Even more importantly, the Judge will usually enter some sort of restraining order to protect the person, persons or business entity accusing you of Threatening. These protected persons or entities are identified in Court as “victims” even though they are actually only alleged victims. Notwithstanding this legal distinction, judges in Threatening cases will usually issue a “no contact” order against you which orders you not to have any form of contact whatsoever with the person or business you are accused of threatening. This order can come in the form of a criminal protective order or as an additional condition of your release (i.e. other conditions of your release would be “come to court on time” or perhaps engage in anger management counseling). Remember, when you were first arrested, you may have posted a bond in your case and if you violate any condition of your release, then your bond may be raised to a higher amount. You could also be charged with the separate misdemeanor criminal charge of Violation of the Conditions of Release under C.G.S. 53a-222. And if a criminal protective / restraining order was issued, then a violation could lead to the felony charge of C.G.S. 53a-223 Criminal Violation of a Protective Order.

Threatening Charges in Connecticut Domestic Violence Cases

Almost any top Stamford Connecticut domestic violence lawyer has dealt with a 53a-62 Threatening charge in a domestic violence case. With domestic violence can also come threats of domestic violence, and Stamford police will quickly intervene and arrest you if they believe your threatening language warrants it. These days, dialogue by and between feuding family members and spouses—whether it be transmitted by text, tweet, or email—can get nasty, aggressive, and violent quickly. To de-escalate the likelihood of violence in domestic violence situations, police in Stamford, Greenwich, Darien or New Canaan will often err on the side of making the arrest for Threatening in the Second Degree and then let the court system and prosecutors sort out all the facts later. From law enforcement’s view, a volatile domestic violence situation can be calmed by making an arrest, getting court-mandated restraining orders put in place, and then having the proper treatment and counseling put in place to ensure that nobody gets hurt. While this sounds good in theory, some of the best Stamford domestic violence lawyers would disagree and argue that much of the alleged “threatening” speech is constitutionally protected, does not rise to the level of criminal speech, and further, imposes unnecessary and gratuitous governmental interference in family matters that could and should be resolved without the State of Connecticut getting involved.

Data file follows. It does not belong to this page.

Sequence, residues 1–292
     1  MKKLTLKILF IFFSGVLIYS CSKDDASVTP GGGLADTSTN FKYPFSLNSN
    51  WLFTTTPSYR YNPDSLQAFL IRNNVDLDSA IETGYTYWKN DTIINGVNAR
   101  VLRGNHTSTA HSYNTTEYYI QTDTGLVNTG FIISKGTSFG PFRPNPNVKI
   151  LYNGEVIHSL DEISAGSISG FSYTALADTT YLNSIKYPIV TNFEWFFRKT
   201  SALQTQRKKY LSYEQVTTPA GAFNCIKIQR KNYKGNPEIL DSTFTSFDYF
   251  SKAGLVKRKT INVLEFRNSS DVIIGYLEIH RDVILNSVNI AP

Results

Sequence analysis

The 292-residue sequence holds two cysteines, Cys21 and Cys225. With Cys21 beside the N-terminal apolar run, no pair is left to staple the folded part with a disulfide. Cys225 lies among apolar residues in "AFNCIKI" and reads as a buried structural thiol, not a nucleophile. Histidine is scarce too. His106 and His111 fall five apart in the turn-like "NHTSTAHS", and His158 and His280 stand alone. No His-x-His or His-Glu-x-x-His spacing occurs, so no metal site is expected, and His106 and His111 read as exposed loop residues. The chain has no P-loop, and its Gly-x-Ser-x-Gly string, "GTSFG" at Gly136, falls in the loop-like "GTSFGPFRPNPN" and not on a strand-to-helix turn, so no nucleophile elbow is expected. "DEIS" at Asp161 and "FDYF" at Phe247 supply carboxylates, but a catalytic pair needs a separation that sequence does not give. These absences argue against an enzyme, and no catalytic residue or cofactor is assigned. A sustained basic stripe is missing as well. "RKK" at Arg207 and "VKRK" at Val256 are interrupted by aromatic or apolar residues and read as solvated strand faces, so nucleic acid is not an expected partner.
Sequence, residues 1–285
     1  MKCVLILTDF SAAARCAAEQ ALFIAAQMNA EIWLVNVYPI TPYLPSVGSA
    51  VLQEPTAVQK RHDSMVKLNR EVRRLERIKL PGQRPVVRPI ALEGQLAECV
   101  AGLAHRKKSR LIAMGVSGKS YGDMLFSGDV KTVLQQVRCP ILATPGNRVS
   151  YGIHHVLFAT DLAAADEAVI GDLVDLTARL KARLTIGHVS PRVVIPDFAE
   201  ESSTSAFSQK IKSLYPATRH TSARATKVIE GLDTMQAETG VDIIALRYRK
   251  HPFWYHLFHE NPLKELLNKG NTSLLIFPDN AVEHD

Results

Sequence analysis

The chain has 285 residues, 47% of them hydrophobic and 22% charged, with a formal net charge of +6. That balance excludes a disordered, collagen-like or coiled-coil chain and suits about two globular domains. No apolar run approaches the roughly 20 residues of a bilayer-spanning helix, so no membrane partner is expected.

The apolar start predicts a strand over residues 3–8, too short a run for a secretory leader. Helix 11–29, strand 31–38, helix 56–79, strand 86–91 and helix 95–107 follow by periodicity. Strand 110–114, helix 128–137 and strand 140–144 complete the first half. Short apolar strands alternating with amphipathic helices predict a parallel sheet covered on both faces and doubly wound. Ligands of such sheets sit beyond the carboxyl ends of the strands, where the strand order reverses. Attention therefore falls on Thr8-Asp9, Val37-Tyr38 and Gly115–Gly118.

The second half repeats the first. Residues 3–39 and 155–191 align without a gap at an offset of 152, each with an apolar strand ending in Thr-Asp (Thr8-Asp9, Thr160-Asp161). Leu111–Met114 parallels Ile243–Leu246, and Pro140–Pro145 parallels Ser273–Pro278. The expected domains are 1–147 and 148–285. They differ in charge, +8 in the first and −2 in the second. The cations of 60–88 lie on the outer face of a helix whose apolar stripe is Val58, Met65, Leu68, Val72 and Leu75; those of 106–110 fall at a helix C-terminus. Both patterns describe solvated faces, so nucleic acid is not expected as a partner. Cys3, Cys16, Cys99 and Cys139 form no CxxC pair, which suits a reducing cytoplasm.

Can Words Really Be Criminal? First Amendment Defenses to Threatening Charges in Connecticut

Many of our firm’s Second Degree Threatening clients find it very hard to believe that words alone can be criminal, especially when our clients believe they should be protected by the First Amendment of the United States Constitution. Thanks to top Connecticut First Amendment lawyers, there is a constitutional caveat embedded in some of the defenses to a 53a-62 Threatening in the Second Degree charge. While the words on their face may seem dangerous or threatening, the First Amendment requires that in order to be criminal, these words must usually be spoken with the intent to cause fear in the recipient. Specifically, this key requirement for most scenarios that lead to a Connecticut Threatening charge is that you must actually intend that your threatening words will cause this fear in another person. Thus, language and words spoken in jest, hyperbole, or as puffery, would not be considered criminal. Yet appreciate that just because you may not be guilty of Threatening does not mean you will not get arrested.

Fighting Your 53a-62 Second Degree Threatening Charges